80-Bus News

  

Summer 1985, Volume 4, Issue 2











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The original version used a ‘Naughty but nice’ method by which, on exiting to CP/M, the program altered the BDOS pointer at GO06H to point to one of its own routines. When the CCP gained control this routine would intercept all BDOS calls and pass them on to the BDOS as normal until a ‘Read console string’ came along (Function 10). When this happened the custom routine would immediately return having placed the name of the chain file or command in the CCP command buffer. This let the CCP do all the work which meant that a program could be called using a command tail. However this program has now been modified, and the new version (2.0) uses a method similar to the one that I have outlined above.

I must admit that I have scratched my head a little on where to put the stack pointer before the chain program is executed. (Sensible answers only please.) Keychain V2.0 places it at 80H, and I have put it 1 byte below the BDOS. As the CCP is only required to point the SP at an & level stack i suppose 80H would be OK. But in the case of a general purpose chainer the 16 bytes below 80H may be occupied with the second filename in the command tail and thus confuse the issue. I suppose that the ideal answer is to write a chain function to suit your particular purpose at the time and manage the SP accordingly.

And finally, why can’t I just read a filename into the CCP command buffer and then call the CCP? Both Steve and I had a look at this a while back, Steve being more conversant with what’s what and where it is in CP/M. Well we tried it a few ways calling both the first and second entry into the CCP and neither worked. It seems that the CCP pointer to the command buffer start byte is changed during the process of reading and executing the program. It is not, it seems, restored back to the start of the CCP buffer prior to the command being executed.

-Thus, the next command that is read into the buffer is either truncated or lost altogether. Regarding this concept do not forget that the previous program may have overwritten the CCP and so the failure of this approach to chaining is guaranteed if this is the case.

Program overlays

Program overlays operate on the principle that a controlling module is always present in memory, this is usually called the Root module. If an overlay section is required then the root module will read the contents of the overlay file (which is executable code) into the memory area allocated for overlays. The root module then passes control to the start of the overlay code. On completion the overlay passes control back to the root module.

if, while you are reading all this gumph, you would like to refer to the diagram illustrating overlay techniques, you may find this text more palatable.

Advantages

1. Will run faster than a suite of program modules chained together.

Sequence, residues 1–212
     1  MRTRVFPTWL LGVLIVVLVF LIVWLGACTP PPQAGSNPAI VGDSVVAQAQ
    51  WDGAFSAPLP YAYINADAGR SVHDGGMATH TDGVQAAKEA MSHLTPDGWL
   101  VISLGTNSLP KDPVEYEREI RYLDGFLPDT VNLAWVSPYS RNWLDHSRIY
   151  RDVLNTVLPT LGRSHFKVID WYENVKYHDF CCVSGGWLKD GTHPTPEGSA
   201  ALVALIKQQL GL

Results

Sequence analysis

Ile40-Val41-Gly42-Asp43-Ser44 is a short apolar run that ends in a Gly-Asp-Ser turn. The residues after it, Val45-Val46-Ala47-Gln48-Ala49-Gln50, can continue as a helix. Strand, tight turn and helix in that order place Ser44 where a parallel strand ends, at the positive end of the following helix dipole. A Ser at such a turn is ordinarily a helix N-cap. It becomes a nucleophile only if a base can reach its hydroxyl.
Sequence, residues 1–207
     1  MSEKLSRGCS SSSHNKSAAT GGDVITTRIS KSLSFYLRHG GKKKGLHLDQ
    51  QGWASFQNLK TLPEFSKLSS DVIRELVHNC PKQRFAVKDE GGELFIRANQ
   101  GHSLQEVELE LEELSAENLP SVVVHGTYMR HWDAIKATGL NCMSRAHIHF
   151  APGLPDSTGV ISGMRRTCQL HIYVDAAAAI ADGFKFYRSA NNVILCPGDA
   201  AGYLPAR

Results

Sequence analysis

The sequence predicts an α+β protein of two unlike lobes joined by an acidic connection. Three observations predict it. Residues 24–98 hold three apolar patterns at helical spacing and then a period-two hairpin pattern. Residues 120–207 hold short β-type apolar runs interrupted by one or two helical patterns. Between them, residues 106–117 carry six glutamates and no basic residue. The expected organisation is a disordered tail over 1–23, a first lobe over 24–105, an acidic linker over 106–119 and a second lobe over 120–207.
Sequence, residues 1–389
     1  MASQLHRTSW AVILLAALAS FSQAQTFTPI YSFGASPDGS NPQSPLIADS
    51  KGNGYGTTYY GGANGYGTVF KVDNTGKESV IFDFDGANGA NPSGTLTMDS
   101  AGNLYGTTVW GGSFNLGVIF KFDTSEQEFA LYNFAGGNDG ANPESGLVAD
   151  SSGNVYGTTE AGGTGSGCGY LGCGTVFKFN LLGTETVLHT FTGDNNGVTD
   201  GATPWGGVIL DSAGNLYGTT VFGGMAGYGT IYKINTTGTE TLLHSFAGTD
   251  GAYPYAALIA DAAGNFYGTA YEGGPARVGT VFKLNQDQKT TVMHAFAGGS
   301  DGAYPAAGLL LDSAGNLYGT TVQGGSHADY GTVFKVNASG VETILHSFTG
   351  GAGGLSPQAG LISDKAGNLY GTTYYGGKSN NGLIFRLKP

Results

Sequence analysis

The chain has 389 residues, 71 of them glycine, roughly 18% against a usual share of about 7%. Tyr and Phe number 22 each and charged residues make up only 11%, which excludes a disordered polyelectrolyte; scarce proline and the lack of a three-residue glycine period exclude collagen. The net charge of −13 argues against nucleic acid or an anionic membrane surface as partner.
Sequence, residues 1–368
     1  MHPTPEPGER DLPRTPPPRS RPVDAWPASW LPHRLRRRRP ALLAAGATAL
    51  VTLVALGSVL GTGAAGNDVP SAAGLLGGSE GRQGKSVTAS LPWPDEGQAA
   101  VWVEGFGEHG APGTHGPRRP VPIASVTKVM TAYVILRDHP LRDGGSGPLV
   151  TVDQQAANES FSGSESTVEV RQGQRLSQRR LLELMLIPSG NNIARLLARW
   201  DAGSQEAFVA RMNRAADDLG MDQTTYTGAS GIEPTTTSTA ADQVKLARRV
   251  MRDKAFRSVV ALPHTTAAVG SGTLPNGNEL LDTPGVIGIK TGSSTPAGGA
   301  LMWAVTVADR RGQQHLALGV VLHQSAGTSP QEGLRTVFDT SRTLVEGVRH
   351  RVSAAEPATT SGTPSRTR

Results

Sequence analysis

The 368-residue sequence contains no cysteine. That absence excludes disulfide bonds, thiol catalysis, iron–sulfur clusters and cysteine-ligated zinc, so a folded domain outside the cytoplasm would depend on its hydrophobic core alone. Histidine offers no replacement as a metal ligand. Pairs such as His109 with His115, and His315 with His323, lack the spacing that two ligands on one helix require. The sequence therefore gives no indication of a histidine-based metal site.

2. Will allow the overlay routines to access common variables and utility routines in the root program.

3. You should be able to pass arguments to overlay routines.

4. In some cases you are able to nest overlay sections.

5. The overlay loaders can also be used to load data files into memory if modified.

Disadvantages

1. The initial setting up of the overall program is rather complex and can be time consuming.

2. The individual modules cannot be run as separate programs as chained programs can.

Methods of overlaying

Now this bit can require a little thought. I think that an efficient overlaid system should have all the common variables and most used utility routines in the root module. This means that they are only read in once at the beginning. This will keep the size of the overlay files down and thus speed up the system. So you are going to have to decide what is going to go into the root. I know that this has little to do with the creation of the files but I put it in to emphasize that there is more to it than hacking the modules together.

Once again I must state that probably the best way of doing it is to begin programming in a language that supports overlays. However this is not always practical and/or efficient. I know of a few languages that will do it, namely CIS COBOL, DR PL1 and Aztec ‘C’. There are certainly more but I have not had the pleasure of yet. Overlaying with these is just a matter of reading the instructions.

Assuming that all the files have to be created by hand, and that we are dealing with programs that pass through the .REL stage on their way to the executable .COM stage, here is how we do it.

The whole process depends upon which linking loader you are using at the moment. The Microsoft LINK-80 (L80) is the most popular, it seems, but unless I’m wrong it does not allow you to directly create overlay files. The equivalent Digital Research product which also seems to go under the name of LINK-80 does give you this facility.

Due to this confusion in names I will call the Microsoft product L80 and the DR loader LINK. These seem to be the more commonly used names.


This is an OCR’d version of the scanned page and likely contains recognition errors.











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